With this year’s centennial of the Tomb of the Unknown Soldier at Arlington National Cemetery, commemorative events have been rolling out across the United States, with Never Forget Garden dedications, historical conferences and flag-flying tributes. As part of the commemoration, a Society of the Honor Guard delegation traveled to France to retrace the selection process for the remains of the first Unknown Soldier.
In 1921, the caskets of four soldiers killed in the First World War were exhumed from four American cemeteries in France: St. Mihiel, Aisne-Marne, Somme and Meuse-Argonne. A ceremony was held at Chalons-sur-Marne (today’s Chalons-en-Champagne) during which U.S. Army Sgt. Edward Younger placed a white rose on one of the caskets, thus selecting the honoree. The rose was provided by the Ducher Roseraie, a family grower near Lyon.
A century later, owner Fabien Ducher created a beautiful white “Never Forget” variety to mark the centennial. The rose is being planted in dedicated Never Forget gardens across the United States, and even in Paris. The American Cathedral of the Holy Trinity dedicated a Never Forget rose in its Deans’ Garden at a ceremony with the Honor Guard delegation on October 19th.
The 41-member delegation then visited the four American cemeteries involved in the 1921 selection, raising in each a flag they had brought from Arlington Cemetery. They also went to the Normandy American Cemetery and the port of Le Havre, from where the first Unknown Soldier sailed for home in 1921. Le Havre Mayor and former prime minister Edouard Philippe hosted the ceremony and installation of a plaque there.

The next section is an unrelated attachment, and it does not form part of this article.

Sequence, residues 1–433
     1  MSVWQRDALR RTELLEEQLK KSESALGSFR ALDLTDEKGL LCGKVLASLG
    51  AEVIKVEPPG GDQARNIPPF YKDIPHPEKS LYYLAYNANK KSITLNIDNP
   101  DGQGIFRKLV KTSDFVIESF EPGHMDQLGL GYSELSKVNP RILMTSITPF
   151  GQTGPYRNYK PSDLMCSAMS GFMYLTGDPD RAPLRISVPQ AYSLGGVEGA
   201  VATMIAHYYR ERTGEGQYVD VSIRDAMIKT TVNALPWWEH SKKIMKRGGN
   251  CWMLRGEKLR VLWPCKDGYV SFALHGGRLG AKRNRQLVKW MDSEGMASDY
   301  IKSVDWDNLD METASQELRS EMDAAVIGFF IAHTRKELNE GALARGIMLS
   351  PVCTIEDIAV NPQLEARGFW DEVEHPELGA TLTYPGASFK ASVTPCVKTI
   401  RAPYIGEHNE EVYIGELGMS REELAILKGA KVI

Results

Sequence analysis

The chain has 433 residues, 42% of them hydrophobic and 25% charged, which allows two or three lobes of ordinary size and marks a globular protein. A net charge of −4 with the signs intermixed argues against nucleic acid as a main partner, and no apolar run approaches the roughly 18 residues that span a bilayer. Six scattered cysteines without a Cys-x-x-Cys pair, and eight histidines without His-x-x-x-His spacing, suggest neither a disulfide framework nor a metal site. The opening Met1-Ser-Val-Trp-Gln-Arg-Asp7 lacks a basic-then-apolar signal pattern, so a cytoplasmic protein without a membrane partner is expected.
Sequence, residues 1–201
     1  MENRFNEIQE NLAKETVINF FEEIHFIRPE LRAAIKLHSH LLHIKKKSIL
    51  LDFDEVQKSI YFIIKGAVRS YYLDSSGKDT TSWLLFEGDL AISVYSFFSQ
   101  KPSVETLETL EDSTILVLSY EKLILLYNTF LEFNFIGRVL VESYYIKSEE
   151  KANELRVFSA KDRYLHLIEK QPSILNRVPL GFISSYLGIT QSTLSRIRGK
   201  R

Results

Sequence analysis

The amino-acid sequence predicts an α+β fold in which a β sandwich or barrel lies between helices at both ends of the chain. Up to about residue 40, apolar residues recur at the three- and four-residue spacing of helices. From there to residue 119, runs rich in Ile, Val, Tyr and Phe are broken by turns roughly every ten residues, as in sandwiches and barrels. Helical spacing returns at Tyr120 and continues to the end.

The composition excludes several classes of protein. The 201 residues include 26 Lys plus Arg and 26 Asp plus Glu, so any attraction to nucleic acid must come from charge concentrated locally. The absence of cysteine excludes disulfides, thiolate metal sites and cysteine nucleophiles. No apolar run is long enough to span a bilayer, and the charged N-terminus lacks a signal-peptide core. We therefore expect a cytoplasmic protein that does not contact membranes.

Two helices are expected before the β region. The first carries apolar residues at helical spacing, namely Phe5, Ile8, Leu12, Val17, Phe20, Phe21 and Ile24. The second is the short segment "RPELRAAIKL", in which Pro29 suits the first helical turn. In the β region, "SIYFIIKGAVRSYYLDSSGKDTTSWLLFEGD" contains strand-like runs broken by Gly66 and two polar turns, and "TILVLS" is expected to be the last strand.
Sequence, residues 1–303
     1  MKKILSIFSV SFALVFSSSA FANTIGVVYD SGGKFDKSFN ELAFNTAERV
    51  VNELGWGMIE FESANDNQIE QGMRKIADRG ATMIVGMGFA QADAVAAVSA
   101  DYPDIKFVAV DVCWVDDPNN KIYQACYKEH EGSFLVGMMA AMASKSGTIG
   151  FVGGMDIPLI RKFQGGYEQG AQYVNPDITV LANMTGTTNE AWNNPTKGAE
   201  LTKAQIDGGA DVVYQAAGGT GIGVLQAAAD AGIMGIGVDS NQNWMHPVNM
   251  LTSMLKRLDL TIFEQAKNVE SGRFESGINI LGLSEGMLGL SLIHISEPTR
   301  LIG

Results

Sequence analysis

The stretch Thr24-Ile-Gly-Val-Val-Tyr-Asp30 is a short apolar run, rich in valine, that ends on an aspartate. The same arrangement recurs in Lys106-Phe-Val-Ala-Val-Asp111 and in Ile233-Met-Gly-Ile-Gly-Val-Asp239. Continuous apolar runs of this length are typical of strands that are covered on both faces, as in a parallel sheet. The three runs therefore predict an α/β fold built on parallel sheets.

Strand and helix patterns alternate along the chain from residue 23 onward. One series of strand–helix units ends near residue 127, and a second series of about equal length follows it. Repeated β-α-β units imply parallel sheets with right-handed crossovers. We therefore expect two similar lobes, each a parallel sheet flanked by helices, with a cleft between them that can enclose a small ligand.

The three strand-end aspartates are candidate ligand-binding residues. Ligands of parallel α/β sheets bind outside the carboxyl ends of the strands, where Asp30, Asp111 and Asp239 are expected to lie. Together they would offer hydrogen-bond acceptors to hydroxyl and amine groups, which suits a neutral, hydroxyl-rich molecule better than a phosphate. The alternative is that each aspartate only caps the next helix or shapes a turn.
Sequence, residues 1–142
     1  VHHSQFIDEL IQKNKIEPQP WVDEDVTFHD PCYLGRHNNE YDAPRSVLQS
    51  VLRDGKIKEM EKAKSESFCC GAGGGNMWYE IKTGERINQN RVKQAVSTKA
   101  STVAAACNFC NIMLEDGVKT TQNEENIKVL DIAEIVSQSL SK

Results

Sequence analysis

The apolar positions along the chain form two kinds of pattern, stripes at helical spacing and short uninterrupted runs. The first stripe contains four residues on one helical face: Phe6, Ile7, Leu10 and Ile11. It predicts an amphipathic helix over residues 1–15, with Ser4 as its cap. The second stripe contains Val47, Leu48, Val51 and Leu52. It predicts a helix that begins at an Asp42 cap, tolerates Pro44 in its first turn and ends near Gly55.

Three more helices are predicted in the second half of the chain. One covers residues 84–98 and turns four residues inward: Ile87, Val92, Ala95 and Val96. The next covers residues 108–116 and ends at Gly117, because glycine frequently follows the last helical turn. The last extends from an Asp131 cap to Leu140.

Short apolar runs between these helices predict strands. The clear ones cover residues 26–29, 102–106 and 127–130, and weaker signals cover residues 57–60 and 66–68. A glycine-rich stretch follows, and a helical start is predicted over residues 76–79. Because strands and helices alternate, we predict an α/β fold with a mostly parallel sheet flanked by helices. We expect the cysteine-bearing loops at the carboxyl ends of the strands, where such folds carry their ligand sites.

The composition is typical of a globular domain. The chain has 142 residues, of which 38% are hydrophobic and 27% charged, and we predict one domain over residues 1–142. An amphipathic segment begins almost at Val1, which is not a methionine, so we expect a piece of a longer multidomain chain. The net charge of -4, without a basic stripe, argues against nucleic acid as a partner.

Back in Paris, they lit the flame at the French Unknown Soldier tomb under the Arc de Triomphe and attended a gala dinner at the Ecole Militaire, given by the American Legion’s Paris Post 1. The delegation was led by Gavin McIlvenna, president of the Society of the Honor Guard and a former U.S. Army paratrooper. He and other delegation members said they were delighted and amazed at the warmth of the reception they found. French veterans and residents of each of the towns where ceremonies were held turned out to salute the Unknown Soldier.
“We were incredibly honored to be with them and see the reaction that we read about in 1921, and here it is, in person,” McIvenna said. “It was overwhelming. It exceeded all expectations.” The delegation included members of the Gold Star Mothers Association, led by national president Jo Ann Maitland, and the president general of the National Society of the Daughters of the American Revolution, Denise VanBuren, as well as current and former Tomb Guards.
Commemoration of the centennial of the Tomb of the Unknown Soldier continue into November at Arlington National Cemetery and other sites across the nation. Centennial Week begins November 8, when the public will be invited to lay individual flowers on the Tomb of the Unknown Soldier. For more information, see www.tombguard.org or Twitter @SHGTUS.
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